Seventy-four percent of Turks believe the state of democracy in their country is somewhat bad or in danger, according to the findings of a survey conducted for a report by The German Marshall Fund of the United States (GMF) published on Thursday.
Titled “Transatlantic Trends 2022,” the report presents the results of surveys conducted in 14 countries — Canada, France, Germany, Italy, Lithuania, the Netherlands, Poland, Portugal, Romania, Spain, Sweden, Turkey, the United Kingdom and the United States — in a bid to provide a detailed picture of public opinion on core and contemporary issues.
According to the report, the share of Turkish respondents saying their democracy is in a good state decreased from 35 percent to 21 percent, while 46 percent say democracy is in danger, an increase of 7 points from 39 percent in 2021.
Twenty-eight percent of Turkish respondents said they perceive the state of democracy in their country as “somewhat bad.”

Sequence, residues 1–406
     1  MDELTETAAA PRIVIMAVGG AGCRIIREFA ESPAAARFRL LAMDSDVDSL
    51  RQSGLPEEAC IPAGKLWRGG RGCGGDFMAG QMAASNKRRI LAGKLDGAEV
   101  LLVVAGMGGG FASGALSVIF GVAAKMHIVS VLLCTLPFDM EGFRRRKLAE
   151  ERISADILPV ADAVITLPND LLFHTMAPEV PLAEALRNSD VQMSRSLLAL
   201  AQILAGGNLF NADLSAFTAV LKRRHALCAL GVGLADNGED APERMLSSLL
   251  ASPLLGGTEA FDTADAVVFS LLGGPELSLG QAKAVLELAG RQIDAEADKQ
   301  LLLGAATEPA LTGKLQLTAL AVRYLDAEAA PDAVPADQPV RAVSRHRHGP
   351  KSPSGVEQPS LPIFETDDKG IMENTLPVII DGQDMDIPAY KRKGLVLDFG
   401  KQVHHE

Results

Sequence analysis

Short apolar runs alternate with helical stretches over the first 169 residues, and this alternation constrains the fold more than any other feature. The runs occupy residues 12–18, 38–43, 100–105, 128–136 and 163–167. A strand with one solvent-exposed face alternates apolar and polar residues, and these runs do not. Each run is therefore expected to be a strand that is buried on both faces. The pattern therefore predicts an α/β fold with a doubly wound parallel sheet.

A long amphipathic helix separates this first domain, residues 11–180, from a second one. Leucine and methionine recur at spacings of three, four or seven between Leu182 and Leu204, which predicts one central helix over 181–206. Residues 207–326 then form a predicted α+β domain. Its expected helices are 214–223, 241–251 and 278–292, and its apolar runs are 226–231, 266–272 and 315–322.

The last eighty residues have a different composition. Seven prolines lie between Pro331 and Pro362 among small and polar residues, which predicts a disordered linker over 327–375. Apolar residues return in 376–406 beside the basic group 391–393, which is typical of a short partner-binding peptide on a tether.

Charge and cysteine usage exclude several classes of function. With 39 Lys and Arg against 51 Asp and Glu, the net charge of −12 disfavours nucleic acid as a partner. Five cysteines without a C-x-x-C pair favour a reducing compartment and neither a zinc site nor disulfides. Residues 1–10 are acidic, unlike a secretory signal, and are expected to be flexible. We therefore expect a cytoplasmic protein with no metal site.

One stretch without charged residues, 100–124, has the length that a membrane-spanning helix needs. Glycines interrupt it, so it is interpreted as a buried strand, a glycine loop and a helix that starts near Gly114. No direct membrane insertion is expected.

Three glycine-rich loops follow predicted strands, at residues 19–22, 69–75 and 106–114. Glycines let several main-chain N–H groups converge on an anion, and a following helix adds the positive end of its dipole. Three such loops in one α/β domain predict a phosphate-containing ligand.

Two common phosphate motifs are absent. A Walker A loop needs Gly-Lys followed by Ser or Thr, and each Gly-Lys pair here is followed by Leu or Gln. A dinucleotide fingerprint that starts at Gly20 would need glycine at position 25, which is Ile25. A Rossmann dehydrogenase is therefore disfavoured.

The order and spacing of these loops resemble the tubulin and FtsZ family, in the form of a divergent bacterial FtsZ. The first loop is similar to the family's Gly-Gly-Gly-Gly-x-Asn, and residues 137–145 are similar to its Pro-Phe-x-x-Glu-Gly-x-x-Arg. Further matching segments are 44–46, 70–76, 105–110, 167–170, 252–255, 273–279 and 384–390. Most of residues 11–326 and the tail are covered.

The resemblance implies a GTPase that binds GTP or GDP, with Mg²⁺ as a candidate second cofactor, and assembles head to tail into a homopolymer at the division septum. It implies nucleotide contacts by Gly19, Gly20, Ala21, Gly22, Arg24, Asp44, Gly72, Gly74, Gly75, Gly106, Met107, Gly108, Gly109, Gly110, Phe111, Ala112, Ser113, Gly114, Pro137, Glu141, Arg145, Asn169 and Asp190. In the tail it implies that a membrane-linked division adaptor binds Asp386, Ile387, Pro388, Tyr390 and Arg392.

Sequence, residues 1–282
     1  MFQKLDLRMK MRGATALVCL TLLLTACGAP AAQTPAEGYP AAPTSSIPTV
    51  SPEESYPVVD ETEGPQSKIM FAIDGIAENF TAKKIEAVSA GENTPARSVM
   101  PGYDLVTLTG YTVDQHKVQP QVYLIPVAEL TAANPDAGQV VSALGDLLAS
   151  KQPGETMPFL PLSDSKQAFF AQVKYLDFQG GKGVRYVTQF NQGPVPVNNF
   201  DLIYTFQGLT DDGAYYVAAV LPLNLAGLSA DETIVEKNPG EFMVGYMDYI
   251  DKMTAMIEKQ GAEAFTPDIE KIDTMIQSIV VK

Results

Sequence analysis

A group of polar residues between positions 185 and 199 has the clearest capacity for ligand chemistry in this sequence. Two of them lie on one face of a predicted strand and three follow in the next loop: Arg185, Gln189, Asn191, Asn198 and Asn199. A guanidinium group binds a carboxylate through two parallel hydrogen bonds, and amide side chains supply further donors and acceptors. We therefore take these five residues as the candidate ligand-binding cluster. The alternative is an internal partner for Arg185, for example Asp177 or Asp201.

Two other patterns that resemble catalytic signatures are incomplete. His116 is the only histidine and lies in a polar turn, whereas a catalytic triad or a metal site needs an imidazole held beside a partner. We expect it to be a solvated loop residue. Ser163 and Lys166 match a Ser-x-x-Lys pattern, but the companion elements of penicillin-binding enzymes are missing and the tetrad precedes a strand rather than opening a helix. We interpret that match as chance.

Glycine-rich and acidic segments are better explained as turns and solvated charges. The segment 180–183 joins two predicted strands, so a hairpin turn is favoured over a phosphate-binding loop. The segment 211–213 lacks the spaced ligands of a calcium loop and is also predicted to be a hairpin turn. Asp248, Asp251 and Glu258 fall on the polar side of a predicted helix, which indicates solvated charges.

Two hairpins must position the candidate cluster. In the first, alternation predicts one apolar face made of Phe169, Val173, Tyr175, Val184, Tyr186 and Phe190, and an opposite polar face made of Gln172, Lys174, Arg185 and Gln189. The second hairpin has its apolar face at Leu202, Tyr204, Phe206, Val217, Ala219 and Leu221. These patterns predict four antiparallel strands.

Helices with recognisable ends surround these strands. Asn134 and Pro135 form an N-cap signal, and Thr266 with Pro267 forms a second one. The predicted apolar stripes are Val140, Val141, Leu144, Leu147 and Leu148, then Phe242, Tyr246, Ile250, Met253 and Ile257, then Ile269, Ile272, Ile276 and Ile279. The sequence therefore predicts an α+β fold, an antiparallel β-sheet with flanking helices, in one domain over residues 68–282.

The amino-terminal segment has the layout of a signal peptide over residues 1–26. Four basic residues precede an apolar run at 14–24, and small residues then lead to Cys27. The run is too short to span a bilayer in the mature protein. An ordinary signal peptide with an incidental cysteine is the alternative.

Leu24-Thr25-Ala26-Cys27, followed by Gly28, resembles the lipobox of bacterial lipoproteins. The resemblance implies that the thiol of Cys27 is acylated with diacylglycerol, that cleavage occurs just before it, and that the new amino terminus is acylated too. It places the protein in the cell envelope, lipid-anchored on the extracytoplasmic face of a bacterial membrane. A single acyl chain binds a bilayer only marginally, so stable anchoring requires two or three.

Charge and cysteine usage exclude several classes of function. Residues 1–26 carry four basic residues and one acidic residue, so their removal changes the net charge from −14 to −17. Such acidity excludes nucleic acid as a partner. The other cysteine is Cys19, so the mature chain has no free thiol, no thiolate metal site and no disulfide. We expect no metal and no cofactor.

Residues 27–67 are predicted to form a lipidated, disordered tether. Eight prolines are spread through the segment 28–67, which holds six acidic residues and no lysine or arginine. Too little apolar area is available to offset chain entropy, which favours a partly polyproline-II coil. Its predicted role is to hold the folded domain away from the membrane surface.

“Within the transatlantic community, respondents’ appraisal of the state of democracy in their country has dropped on average from 55% in 2021 to 50% in 2022. Swedish (72%) and Canadian (65%) respondents are still the most satisfied with their democracy, while Polish (36%), Italian (31%), and Turkish (21%) ones remain the least satisfied,” the insights from the report published on the GMF website read.
Turkey was ranked 147th among 179 countries in the liberal democracy index of the Swedish-based Varieties of Democracy (V-Dem) Institute, placed among the bottom 20 percent, according to the V-Dem report published in March.
Turkey is among the 10 countries that “autocratized” the most, together with Brazil, India, Poland, Serbia and Hungary, according to the “Democracy Report 2022.”
The report classified Turkey as an electoral autocracy and placed it among the countries with toxic levels of political polarization.